Kees van der Staaij is the Party Leader of the SGP
Farid Azarkan is the Party Leader of DENK
Caroline van der Plas is the Party Leader of the BBB
Sylvana Simons is the Party Leader of BIJ1

Members of the Presidium

Portrait Name Position Party Service in the Presidium Service as a member of
the House of Representatives
Vera Bergkamp Vera Bergkamp
(born 1971)
Speaker D66 31 October 2017
(4 years, 31 days)
20 September 2012
(9 years, 72 days)
Ockje Tellegen Ockje Tellegen
(born 1974)
First Deputy Speaker VVD 31 October 2017
(4 years, 31 days)
20 September 2012
(9 years, 72 days)
Martin Bosma Martin Bosma
(born 1964)
Second Deputy Speaker PVV 30 June 2010
(11 years, 246 days)
30 November 2006
(15 years, 1 day)
Anne Kuik Anne Kuik [nl]
(born 1987)
Third Deputy Speaker CDA 23 March 2017
(4 years, 253 days)
Michiel van Nispen Michiel van Nispen
(born 1982)
Fourth Deputy Speaker SP 2 April 2014
(7 years, 243 days)
Henk Nijboer Henk Nijboer
(born 1983)
Fifth Deputy Speaker PvdA 20 September 2012
(9 years, 72 days)
Tom van der Lee Tom van der Lee [nl]
(born 1964)
Sixth Deputy Speaker GL 23 March 2017
(4 years, 253 days)
Wybren van Haga Wybren van Haga
(born 1967)
Seventh Deputy Speaker Indep. 31 October 2017
(4 years, 31 days)
Frank Wassenberg Frank Wassenberg
(born 1966)
Eighth Deputy Speaker PvdD 17 November 2015
(6 years, 14 days)
Paul van Meenen Paul van Meenen
(born 1956)
Ninth Deputy Speaker D66 20 September 2012
(9 years, 72 days)

Parliamentary Committees

Parliamentary Committee Ministry Jurisdiction Current Chair
Parliamentary committee for the Interior [nl] Ministry of the Interior
and Kingdom Relations
Domestic policyCivil servicePublic administration
Local Government AffairsProvincial Government AffairsElections
Erik Ziengs (VVD)
Parliamentary committee for the Foreign Affairs [nl] Ministry of Foreign Affairs Foreign relationsForeign policyBenelux UnionNATODiaspora Pia Dijkstra (D66)
Parliamentary committee for the Finance [nl] Ministry of Finance Economic policyMonetary policyFiscal policyTax policy
Financial marketGovernment budget
Judith Tielen (VVD)
Parliamentary committee for
Justice and Security
Ministry of Justice and Security Justice systemLaw enforcementPublic security
Emergency managementImmigration policy
Paul van Meenen (D66)
Parliamentary committee for
Economic Affairs and Climate Policy
Ministry of Economic Affairs
and Climate Policy
Commercial policyIndustrial policyEnergy policy
Environmental policyTechnology policySpace policyTourism
Isabelle Diks (GL)
Parliamentary committee for Defence Ministry of Defence Armed forcesMilitary policyVeterans AffairsMilitary police
Defence diplomacyHumanitarian aid
Aukje de Vries (VVD)
Parliamentary committee for
Health, Welfare and Sport
Ministry of Health,
Welfare and Sport
Health careHealth policyHealth insurancePharmaceutical policy
Vaccination policyWelfareBiomedical sciencesSport
Helma Lodders (VVD)
Parliamentary committee for
Social Affairs and Employment
Ministry of Social Affairs
and Employment
Social policyEmploymentLabour economicsOccupational safety and health
Social securityConsumer protectionTrades unionsEmancipation
Michel Rog (CDA)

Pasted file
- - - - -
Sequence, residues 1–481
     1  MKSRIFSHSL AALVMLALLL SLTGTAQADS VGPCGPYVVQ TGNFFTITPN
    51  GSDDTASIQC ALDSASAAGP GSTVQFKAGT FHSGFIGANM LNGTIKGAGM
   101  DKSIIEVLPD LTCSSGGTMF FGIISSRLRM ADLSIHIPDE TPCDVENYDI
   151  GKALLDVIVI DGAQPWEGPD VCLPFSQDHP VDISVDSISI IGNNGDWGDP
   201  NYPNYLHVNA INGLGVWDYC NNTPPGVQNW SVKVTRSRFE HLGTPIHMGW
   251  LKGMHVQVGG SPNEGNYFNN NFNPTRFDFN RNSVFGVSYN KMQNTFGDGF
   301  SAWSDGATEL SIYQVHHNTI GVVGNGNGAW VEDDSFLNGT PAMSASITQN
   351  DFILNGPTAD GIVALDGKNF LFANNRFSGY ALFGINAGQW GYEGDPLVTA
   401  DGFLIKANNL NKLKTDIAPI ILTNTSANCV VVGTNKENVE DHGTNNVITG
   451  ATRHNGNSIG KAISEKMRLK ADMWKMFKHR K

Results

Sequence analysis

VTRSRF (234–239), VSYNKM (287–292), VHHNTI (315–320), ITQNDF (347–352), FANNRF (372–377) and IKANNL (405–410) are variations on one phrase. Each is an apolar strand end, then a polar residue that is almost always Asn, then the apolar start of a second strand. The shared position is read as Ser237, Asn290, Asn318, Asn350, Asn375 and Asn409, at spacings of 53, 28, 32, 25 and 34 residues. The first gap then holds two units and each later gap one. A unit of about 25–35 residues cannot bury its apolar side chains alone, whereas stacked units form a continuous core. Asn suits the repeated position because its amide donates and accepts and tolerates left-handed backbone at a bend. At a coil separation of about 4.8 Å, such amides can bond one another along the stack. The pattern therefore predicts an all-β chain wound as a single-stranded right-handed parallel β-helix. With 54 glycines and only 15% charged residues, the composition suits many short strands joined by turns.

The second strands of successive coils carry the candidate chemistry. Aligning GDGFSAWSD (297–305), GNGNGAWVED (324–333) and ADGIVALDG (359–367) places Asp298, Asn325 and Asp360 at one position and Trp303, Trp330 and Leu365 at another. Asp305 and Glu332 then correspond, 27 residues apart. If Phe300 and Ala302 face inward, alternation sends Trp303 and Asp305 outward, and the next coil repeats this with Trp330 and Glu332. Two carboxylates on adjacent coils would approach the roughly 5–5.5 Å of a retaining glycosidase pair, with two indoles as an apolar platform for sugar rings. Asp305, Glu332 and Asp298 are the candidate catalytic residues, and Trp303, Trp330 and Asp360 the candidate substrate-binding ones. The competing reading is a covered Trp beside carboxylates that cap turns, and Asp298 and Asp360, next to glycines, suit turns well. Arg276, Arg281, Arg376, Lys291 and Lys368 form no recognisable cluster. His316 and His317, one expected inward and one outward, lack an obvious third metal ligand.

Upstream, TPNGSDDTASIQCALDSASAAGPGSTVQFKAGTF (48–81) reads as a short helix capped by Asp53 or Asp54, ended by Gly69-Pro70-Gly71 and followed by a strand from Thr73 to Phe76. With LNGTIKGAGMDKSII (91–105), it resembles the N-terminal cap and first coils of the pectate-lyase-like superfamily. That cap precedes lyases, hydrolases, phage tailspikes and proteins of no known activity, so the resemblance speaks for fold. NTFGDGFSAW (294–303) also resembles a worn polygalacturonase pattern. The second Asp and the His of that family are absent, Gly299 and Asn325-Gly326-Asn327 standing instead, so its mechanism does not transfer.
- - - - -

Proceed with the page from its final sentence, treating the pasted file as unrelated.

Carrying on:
Parliamentary committee for
Education, Culture and Science
Ministry of Education,
Culture and Science
Education policyCultural policyScience policyKnowledge policy
ResearchArtGender equalityCommunicationMedia
Ockje Tellegen (VVD)
Parliamentary committee for
Infrastructure and Water Management
Ministry of Infrastructure
and Water Management
TransportWater ManagementAviationHousing policyPublic works
Spatial planningLand management
Agnes Mulder (CDA)
Parliamentary committee for
Agriculture, Nature and Food Quality
Ministry of Agriculture, Nature
and Food Quality
Agricultural policyFood policyFood safetyFisheries
Natural resourceNatural conservationForestryAnimal welfare
Attje Kuiken (PvdA)
Select Parliamentary Committee Ministry Jurisdiction Current Chair
Parliamentary committee for
Kingdom Relations
Ministry of the Interior
and Kingdom Relations
Kingdom Relations Jan Paternotte [nl] (D66)
Parliamentary committee for
European Affairs
Ministry of Foreign Affairs European Union Hayke Veldman (VVD)
Parliamentary committee for
Foreign Trade and Development Cooperation
Ministry of Foreign Affairs Investment policyInternational tradeExport promotionDevelopment Cooperation
Foreign Disaster reliefInternational Environmental policies
Raymond de Roon (PVV)
Parliamentary committee for
Building Supervision
Ministry of Infrastructure
and Water Management
Illegal construction • Construction Fraud Ockje Tellegen (VVD)
Parliamentary committee for
Petitions and the Citizen Initiatives
ReferendumsInitiatives Sven Koopmans (VVD)
Parliamentary committee for
Intelligence and Security
IntelligenceSecurityNational securityComputer security Klaas Dijkhoff (VVD)
Presidium of the House of Representatives House of Representatives Administration Khadija Arib (PvdA)
Special Parliamentary Committee Ministry Jurisdiction Current Chair
Special Parliamentary committee for
Digital Future
Digital Infrastructure • Internet accessWi-FiDigital rights Kathalijne Buitenweg (GL)
Special Parliamentary committee for
Investigation of Unwanted Influence from Foreign Entities
Foreign electoral intervention • Foreign donations policy Michel Rog (CDA)

In the media

Plenary sessions of the house are broadcast via a live audio-only transmission called the Tweede Kamerlijn, available on the internet and through most Dutch cable operators. The service also broadcasts important committee meetings if there is no plenary at the time.